British Columbia

Port of Vancouver volume up last year despite pandemic, supply chain disruptions and flooding

The country's largest port says record container and foreign bulk volumes helped maintain cargo volumes despite trade challenges in a year in which the cruise season was cancelled due to COVID-19.

Number of shipping containers passing through actually increased to a record high

The Port of Vancouver is pictured on March 4, 2020. (Ben Nelms/CBC)

The Vancouver Fraser Port Authority says cargo volumes increased one per cent to 146 million tonnes last year despite the pandemic, global supply chain challenges and extreme weather in B.C. at the end of the year.

The country's largest port says record container and foreign bulk volumes helped maintain cargo volumes despite trade challenges in a year in which the cruise season was cancelled due to COVID-19.

Grain volumes declined 13 per cent after eight straight record years due to drought in Western Canada in the second half of the year.

The number of shipping containers passing through the port increased six per cent to 3.7 million TEUs (20-foot equivalent units) in 2021, a record for the fifth year in a row.

Amid the increase in container trade were an elevated number of empty containers, putting pressure on Canadian exporters as containers were rushed back to Asia to accommodate strong consumer demand in North America.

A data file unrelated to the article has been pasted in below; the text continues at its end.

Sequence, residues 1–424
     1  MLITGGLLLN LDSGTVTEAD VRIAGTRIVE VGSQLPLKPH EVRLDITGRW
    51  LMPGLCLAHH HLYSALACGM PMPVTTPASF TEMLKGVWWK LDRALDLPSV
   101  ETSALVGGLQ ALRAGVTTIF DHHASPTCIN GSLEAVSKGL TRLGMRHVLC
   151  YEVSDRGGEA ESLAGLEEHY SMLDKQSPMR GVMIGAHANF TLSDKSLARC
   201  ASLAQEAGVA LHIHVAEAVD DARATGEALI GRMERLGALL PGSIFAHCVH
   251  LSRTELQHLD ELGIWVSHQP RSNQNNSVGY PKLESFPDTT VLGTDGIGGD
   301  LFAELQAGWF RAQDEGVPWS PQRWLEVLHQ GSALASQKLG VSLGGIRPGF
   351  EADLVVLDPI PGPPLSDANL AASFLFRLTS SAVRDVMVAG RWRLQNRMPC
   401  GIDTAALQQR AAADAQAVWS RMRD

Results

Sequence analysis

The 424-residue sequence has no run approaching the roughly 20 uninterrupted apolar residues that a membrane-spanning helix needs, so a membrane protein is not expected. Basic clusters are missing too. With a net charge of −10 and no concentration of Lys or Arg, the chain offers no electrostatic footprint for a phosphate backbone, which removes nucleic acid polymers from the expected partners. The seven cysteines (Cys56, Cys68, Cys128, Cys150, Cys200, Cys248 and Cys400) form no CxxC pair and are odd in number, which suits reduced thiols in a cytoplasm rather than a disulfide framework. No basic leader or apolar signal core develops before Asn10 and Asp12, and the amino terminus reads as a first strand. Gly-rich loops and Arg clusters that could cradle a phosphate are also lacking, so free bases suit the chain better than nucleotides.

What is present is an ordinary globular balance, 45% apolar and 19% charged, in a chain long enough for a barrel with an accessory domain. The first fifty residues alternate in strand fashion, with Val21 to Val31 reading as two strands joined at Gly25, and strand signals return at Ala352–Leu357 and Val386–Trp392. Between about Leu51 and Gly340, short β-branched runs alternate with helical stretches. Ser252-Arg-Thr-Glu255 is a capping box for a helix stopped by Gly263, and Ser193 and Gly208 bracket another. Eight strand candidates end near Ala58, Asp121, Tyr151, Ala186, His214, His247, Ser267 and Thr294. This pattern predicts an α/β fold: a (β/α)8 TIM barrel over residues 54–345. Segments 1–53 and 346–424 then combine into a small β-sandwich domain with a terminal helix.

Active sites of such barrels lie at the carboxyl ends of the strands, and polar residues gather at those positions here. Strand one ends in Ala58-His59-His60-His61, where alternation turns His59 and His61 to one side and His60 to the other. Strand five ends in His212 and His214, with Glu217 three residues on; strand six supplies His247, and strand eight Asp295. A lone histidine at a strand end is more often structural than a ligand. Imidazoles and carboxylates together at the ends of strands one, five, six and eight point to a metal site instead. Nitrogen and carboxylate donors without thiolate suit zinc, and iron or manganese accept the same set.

Limited port space

The port is warning that serious supply-chain problems will occur in a few years because West Coast container terminals are expected to run out of capacity by the end of the decade.

"Vancouver's port community met challenge after challenge in 2021 — sometimes working around the clock — to keep the port connected to national supply chains and goods flowing for Canadians,'' stated Robin Silvester, president and CEO of the Vancouver Fraser Port Authority, the federal agency in charge of the Port of Vancouver.

General cargo increased 18 per cent with log volumes up 23 per cent, basic metals up 51 per cent and wood pulp down 10 per cent.

Bulk dry cargo increased one per cent with coal up 19 per cent, grain down 10 per cent, potash down 13 per cent and sulphur down 14 per cent.

Bulk liquid tonnage fell eight per cent due to a 30 per cent decrease in canola oil, a 12 per cent decrease in crude petroleum, and a 14 per cent decrease in chemicals.

Comments

To encourage thoughtful and respectful conversations, first and last names will appear with each submission to CBC/Radio-Canada's online communities (except in children and youth-oriented communities). Pseudonyms will no longer be permitted.

By submitting a comment, you accept that CBC has the right to reproduce and publish that comment in whole or in part, in any manner CBC chooses. Please note that CBC does not endorse the opinions expressed in comments. Comments on this story are moderated according to our Submission Guidelines. Comments are welcome while open. We reserve the right to close comments at any time.

Become a CBC Member

Join the conversation  Create account

Already have an account?

now